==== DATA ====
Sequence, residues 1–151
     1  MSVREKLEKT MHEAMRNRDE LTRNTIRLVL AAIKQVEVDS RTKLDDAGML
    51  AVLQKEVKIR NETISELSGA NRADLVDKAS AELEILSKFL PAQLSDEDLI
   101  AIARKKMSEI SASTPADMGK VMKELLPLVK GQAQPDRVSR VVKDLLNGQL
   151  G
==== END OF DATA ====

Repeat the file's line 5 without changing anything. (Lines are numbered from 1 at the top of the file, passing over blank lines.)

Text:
   151  G